For this issue, Valerie Koehler, owner of the Blue Willow Bookshop, hand picks books to help young readers understand and cope with storms, tragedy, and change.
Courage For Beginners by Karen Harrington
(Little Brown For Young Readers, March 2015)
Starting middle school is tough enough. When Mysti Murphy’s best friend pulls away, her father has to be hospitalized, and she has a family secret, life gets even harder. The struggles she faces are all too real to kids, who will learn life lessons from this story of a girl dealing with hardship and learning to have hope for the future.
Wishtree by Katherine Applegate
(Feiwel and Friends, September 2017)
Red is an oak tree who has been around for years. She’s also a wishing tree, so on the first day of May each year, neighbors tie their wishes — some silly, some heartfelt, some selfish — on Red’s branches in the hopes that they will come true. When a new family moves in, not everyone welcomes them, and Red’s role as a wishtree is more important than ever. A beautiful, timely and timeless story for grades 4 and up.
Ninth Ward by Jewell Parker Rhodes
(Little Brown Books for Young Readers, February 2012)
Twelve-year-old Lanesha lives in New Orleans with her beloved grandma, who she calls Mama Ya Ya. Mama Ya Ya has the gift of sight and foresees Hurricane Katrina’s arrival. This story of Lanesha’s journey through the hurricane combines magical realism with gripping realistic fiction. An enjoyable book for grades 5 and up or for families to read aloud.
Learning To Swear In America by Katie Kennedy
(Bloomsbury USA Children’s Books, July 2017)
Yuri is a teen prodigy from Russia brought to America to work with top scientists who are trying to figure out a way to keep an asteroid headed to Earth from destroying life as we know it. While he tries to convince these older scientists that his plan will work, he meets Dovie, a typical American teenager who seems oblivious to the impending disaster and helps to teach him about life in America and maybe about what makes a life worth living. This book will make you laugh while it breaks your heart, but in a good way.
We All Looked Up by Tommy Wallach
(Simon & Schuster Books, March 2015)
An asteroid may or may not be headed directly for Earth. This potential cataclysmic event causes relationships to change. The popular kids mix with the geeks, family bonds change, and the population of Seattle becomes unhinged. What would happen to society if we thought we were all doomed?
House In The Woods by Inga Moore
(Candlewick, November 2011)
Two little Pigs lose their home to an accident caused by Bear and Moose. It’s up to the community of friends to help rebuild their home. It’s a reminder that despite the stress we’re under, by working together we can rebuild our neighborhood.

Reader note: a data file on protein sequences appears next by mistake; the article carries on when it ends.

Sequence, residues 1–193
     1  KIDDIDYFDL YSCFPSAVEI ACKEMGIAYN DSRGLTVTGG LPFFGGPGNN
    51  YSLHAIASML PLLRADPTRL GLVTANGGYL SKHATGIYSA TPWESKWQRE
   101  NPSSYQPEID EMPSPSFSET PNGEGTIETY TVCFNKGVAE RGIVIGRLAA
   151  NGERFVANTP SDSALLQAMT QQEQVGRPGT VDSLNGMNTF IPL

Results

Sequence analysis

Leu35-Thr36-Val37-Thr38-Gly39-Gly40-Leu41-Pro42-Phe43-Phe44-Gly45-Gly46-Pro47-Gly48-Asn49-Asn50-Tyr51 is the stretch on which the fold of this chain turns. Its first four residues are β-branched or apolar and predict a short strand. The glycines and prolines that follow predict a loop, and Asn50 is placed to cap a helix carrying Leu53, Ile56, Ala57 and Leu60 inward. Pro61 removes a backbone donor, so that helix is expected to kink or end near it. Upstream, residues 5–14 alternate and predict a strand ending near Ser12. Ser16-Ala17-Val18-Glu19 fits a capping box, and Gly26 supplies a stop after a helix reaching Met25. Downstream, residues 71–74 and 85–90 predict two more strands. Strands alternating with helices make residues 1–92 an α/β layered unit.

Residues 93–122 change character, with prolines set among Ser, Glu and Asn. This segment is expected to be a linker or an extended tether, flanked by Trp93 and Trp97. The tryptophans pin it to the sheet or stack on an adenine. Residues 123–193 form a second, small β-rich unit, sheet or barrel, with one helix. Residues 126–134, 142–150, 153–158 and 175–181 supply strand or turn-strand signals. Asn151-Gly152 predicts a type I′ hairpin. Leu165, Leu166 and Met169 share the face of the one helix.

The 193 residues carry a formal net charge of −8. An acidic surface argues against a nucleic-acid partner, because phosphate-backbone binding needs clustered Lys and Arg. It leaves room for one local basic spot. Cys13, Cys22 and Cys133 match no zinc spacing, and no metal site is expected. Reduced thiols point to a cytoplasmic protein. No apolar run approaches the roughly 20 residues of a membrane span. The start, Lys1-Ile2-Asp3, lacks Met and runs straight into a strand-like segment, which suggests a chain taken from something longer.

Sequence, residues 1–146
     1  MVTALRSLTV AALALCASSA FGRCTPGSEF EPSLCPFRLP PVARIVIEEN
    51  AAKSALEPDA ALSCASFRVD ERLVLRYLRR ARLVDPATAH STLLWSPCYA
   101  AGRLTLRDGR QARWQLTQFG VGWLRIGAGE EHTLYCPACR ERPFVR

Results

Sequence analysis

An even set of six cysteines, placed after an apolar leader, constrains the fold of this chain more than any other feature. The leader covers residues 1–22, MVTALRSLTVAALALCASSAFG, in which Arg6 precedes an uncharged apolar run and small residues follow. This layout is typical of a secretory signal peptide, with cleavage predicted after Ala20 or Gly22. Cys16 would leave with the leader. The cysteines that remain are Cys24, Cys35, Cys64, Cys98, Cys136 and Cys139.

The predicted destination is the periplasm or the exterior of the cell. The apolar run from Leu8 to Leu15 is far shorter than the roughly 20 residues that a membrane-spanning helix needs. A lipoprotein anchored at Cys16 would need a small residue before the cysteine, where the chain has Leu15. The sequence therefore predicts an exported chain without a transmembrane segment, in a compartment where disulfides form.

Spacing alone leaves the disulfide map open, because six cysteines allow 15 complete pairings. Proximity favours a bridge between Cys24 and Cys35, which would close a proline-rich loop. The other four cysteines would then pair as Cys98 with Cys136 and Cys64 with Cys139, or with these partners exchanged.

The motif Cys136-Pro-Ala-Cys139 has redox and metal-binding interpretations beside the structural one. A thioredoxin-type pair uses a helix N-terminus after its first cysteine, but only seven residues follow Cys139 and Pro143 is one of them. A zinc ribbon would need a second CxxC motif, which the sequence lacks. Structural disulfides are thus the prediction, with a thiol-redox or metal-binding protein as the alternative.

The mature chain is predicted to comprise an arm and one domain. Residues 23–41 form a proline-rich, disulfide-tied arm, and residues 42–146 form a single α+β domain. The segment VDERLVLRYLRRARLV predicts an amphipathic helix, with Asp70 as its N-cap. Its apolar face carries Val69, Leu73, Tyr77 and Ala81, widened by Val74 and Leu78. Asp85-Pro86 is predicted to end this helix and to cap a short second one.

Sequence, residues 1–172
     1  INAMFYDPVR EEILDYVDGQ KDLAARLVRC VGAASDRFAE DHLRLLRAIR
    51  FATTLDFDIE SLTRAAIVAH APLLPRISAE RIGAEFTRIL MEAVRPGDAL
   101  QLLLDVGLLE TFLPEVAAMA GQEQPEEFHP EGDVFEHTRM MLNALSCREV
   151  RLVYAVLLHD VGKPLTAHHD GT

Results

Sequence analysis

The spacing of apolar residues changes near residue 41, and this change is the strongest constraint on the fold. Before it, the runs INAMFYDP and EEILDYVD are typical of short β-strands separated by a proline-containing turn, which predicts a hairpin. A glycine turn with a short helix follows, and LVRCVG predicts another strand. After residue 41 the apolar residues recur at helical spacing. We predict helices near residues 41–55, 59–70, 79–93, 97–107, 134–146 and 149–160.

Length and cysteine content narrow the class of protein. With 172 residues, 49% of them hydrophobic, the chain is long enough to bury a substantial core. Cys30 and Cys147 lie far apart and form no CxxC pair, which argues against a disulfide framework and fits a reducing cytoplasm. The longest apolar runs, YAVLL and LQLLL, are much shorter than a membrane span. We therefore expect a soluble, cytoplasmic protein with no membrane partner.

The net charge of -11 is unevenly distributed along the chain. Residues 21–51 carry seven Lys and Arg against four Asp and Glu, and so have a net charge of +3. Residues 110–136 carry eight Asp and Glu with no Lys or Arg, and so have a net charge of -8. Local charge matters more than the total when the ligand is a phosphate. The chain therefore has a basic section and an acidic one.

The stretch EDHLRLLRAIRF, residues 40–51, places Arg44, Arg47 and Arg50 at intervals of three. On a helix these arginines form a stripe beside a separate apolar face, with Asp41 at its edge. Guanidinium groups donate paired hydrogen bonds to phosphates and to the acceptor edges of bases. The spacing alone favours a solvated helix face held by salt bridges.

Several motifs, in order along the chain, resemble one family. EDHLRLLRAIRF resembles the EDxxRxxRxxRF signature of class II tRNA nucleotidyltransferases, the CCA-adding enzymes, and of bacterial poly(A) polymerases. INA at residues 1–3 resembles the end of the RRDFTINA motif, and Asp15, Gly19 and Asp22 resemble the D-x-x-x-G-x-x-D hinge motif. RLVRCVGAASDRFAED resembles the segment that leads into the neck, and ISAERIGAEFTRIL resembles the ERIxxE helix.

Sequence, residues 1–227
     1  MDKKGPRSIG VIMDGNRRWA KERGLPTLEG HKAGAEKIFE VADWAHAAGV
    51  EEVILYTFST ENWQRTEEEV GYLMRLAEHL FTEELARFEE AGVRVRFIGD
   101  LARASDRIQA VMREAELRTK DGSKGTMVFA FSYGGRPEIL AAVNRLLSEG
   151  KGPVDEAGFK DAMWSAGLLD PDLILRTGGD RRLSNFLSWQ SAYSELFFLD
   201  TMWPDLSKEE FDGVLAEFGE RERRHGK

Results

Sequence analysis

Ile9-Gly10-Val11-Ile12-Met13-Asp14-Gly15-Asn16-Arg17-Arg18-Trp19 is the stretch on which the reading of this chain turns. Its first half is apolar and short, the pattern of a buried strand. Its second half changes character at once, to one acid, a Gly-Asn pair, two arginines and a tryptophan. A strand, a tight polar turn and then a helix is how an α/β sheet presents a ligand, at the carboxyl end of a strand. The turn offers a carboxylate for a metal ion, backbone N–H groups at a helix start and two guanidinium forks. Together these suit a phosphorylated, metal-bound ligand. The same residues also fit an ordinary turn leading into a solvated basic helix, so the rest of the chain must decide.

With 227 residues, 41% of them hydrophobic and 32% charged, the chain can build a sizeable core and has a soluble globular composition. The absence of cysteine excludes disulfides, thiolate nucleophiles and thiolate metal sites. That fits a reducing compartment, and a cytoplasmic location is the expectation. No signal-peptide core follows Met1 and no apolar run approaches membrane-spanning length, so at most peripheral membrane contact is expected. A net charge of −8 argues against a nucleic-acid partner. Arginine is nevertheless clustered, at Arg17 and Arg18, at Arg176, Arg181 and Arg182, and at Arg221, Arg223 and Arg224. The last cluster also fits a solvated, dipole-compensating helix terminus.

Let’s Investigate With Nate: The Water Cycle
PBS host and mechanical engineer Nate Ball escorts four children through an investigation of the water cycle. The kids ask questions that enable him to explain the water cycle in more detail and in language they can understand. Complete with a glossary as well as a hands-on experiment, this is a great way for curious children in grades 1 and up to learn more about this aspect of science.
This House, Once by Deborah Freedman
(Simon & Schuster Books February 2017)
A gentle story for young children to understand what parts of our natural world we use to build our homes. From the majestic oak that is now your front door to the stones that make the foundation, it’s a beautiful ode to what makes a house a home.
When The Sky Breaks by Simon Winchester
(Penguin Books For Young Readers January 2017)
New York Times bestselling author Simon Winchester explains a variety of weather phenomena, from hurricanes to climate change. Complete with gorgeous photographs and clear explanations, this book is geared for those middle school students in grades 6 and up who want to learn more about how weather affects our lives.
Courage by Bernard Waber
(Houghton Mifflin Harcourt, October 2002)
A bestseller for years, this simple picture book explores all kinds of bravery, from small daily trials to the big ones facing us. We need courage and we need to explain courage.
Feelings by Sarah Jennings
(Macmillan Books, May 2017)
This is a perfect book to share with your younger children whenever they need to process feelings, be they happy or sad. Each page spread focuses on one emotion, explaining what it means to feel that way and how to act when you feel that way. A good resource for many times in your life.
Flood by Alvaro F. Villa
(Capstone Books, February 2013)
A wordless picture book that allows you tell your own story about a family with a lovely home who is forced to leave it because of rising water. You can feel the concern and the worry in the illustrations. It’s important to tell your stories.